The way things should work: profits made in a country are taxed in that country.
      The way things should not work: a company doing business abroad pays taxes both at home and abroad.
      The way things break: subsidiary company makes "no profit" (no tax) because it pays hefty license fees (100% net income) to my headquarters company in Ireland. Ireland does not tax licensed technolog

      • It reminds me of the car dealers complaining about Tesla selling their cars directly to motorists. It reminds me of taxi drivers complaining about Uber. It reminds me of AT&T complaining about Netflix.

        A bit of upending is clearly needed.

  • How do you "crack down on" people following the rules and doing exactly what is best for them, paying the least amount of taxes?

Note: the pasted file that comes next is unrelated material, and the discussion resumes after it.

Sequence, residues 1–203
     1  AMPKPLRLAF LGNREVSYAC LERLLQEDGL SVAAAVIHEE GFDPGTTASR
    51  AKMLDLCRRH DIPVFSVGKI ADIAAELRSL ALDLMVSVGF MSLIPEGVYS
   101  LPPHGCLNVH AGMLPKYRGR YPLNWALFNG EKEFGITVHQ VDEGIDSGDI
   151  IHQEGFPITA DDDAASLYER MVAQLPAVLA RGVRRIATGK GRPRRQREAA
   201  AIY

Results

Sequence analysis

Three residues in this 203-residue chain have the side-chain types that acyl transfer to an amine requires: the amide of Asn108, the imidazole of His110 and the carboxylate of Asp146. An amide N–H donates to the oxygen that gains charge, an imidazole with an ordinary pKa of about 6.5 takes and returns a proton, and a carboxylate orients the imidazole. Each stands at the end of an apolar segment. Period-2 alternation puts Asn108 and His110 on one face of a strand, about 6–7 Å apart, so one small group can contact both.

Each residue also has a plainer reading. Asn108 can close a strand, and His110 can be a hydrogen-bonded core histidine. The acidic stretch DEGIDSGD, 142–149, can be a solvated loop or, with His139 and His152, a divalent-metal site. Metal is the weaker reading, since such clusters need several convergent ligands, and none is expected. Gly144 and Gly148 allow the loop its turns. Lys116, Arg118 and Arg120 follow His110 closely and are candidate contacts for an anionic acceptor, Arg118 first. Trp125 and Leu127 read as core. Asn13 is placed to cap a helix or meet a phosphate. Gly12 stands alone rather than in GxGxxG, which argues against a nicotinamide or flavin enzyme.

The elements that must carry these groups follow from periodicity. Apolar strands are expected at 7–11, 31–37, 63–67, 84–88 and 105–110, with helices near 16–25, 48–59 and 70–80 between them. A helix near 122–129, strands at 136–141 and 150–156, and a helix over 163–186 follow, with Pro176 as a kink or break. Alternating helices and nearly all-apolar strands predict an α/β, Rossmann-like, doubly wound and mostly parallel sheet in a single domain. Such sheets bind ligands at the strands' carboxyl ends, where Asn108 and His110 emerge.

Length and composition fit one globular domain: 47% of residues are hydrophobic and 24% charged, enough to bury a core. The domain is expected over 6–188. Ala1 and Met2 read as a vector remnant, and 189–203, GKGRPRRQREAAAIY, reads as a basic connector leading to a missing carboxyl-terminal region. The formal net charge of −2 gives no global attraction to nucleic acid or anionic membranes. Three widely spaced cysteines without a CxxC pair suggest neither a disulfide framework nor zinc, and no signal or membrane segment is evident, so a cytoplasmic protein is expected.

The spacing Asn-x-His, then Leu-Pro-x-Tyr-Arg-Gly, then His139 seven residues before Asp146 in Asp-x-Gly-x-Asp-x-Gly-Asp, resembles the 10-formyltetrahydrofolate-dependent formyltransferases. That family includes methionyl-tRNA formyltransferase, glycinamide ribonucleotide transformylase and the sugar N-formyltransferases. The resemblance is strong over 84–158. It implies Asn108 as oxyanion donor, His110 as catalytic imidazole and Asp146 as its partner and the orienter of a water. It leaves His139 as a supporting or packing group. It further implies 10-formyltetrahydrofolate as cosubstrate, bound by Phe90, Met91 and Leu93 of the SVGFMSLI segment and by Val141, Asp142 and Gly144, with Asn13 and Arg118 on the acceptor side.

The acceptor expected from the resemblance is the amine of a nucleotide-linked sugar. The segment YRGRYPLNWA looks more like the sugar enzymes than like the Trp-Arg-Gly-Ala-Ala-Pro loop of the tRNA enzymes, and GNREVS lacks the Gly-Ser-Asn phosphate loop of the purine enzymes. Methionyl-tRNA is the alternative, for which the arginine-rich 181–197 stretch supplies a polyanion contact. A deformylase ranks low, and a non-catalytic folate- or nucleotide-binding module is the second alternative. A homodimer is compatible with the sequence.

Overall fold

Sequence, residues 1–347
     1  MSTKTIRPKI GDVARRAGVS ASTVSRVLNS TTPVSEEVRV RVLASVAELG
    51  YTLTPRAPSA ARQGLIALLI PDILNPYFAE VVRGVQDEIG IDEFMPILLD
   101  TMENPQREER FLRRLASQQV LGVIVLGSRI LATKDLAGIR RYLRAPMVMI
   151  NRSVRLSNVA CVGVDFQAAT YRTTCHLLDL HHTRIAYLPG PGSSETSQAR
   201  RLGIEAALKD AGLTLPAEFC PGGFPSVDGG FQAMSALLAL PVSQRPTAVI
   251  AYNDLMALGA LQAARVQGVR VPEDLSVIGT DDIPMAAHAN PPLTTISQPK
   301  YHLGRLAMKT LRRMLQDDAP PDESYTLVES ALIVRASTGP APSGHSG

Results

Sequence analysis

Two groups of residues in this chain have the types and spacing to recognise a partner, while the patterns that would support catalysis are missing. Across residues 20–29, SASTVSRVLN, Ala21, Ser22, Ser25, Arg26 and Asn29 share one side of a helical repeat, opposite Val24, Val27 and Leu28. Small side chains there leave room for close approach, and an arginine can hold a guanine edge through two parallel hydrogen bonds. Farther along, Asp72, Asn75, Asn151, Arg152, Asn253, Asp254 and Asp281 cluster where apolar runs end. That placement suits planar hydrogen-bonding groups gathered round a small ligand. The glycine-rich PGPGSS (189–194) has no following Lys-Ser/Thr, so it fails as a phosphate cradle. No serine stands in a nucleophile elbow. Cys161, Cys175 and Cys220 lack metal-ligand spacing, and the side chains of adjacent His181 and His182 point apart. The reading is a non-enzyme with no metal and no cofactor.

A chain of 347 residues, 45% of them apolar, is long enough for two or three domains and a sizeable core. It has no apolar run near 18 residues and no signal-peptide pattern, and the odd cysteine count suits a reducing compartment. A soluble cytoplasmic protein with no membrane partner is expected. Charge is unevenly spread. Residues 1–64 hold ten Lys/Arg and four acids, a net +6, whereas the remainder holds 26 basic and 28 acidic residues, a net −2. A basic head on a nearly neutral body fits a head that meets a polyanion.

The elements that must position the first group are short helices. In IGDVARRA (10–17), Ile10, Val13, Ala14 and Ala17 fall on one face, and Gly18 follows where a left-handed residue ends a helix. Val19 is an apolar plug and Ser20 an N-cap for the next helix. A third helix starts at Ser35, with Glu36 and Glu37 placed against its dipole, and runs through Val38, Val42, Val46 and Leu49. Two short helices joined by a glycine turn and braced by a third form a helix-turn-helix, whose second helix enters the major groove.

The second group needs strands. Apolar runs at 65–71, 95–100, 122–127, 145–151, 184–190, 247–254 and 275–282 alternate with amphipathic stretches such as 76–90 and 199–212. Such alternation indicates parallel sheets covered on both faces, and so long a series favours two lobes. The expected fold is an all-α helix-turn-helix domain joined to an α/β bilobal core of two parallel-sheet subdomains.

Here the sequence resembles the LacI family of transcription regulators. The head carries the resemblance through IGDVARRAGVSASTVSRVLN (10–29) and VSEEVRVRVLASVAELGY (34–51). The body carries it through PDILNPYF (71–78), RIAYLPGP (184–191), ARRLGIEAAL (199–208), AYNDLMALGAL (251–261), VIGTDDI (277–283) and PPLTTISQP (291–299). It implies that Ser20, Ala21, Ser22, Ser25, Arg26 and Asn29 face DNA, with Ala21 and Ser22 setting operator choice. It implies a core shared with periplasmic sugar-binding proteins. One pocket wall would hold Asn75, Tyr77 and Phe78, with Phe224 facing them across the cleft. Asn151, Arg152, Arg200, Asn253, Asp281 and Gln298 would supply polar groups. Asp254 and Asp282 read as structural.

• Corporations do not pay taxes. They simply pass along the money from consumers to the government. Got it?

    Raise the taxes for XYZ, Inc. and the price of their goods or services will go up accordingly.
    • Corporations do not pay taxes. They simply pass along the money from consumers to the government.

      Yes they do and no they don't.

      See here. [slashdot.org]